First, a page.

From NCBE: Starting with the July 2026 bar exam, the MEE will no longer test conflict of laws, family law, trusts and estates, or secured transactions. This change will enable students to make course selections that will support their preparation for the bar exam even if they don’t yet know which exam they will be taking.
The NextGen bar exam (set to debut in July 2026) will test a broad range of foundational lawyering skills, utilizing a focused set of clearly identified fundamental legal concepts and principles needed in today’s practice of law. Designed to balance the skills and knowledge needed in litigation and transactional legal practice, the exam will reflect many of the key changes that law schools are making today, building on the successes of clinical legal education programs, alternative dispute resolution programs, and legal writing and analysis programs. (National Conference of Bar Examiners).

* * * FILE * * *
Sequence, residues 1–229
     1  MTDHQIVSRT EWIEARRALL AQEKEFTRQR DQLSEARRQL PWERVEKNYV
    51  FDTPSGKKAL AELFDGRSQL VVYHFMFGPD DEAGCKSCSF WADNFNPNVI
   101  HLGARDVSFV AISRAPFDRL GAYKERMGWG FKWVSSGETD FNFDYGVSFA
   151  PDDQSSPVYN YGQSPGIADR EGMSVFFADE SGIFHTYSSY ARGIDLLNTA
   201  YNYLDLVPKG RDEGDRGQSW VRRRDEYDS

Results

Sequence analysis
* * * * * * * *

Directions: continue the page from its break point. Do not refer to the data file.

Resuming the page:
Bar admission is regulated by each state's board of bar examiners. Bar requirements are state-specific and vary from state to state, so it's important to check the requirements for the jurisdiction in which you plan to practice law.
The National Conference of Bar Examiners (NCBE) produces five multistate bar examinations. Each state determines which of the tests it will use. States may also have a state-specific component.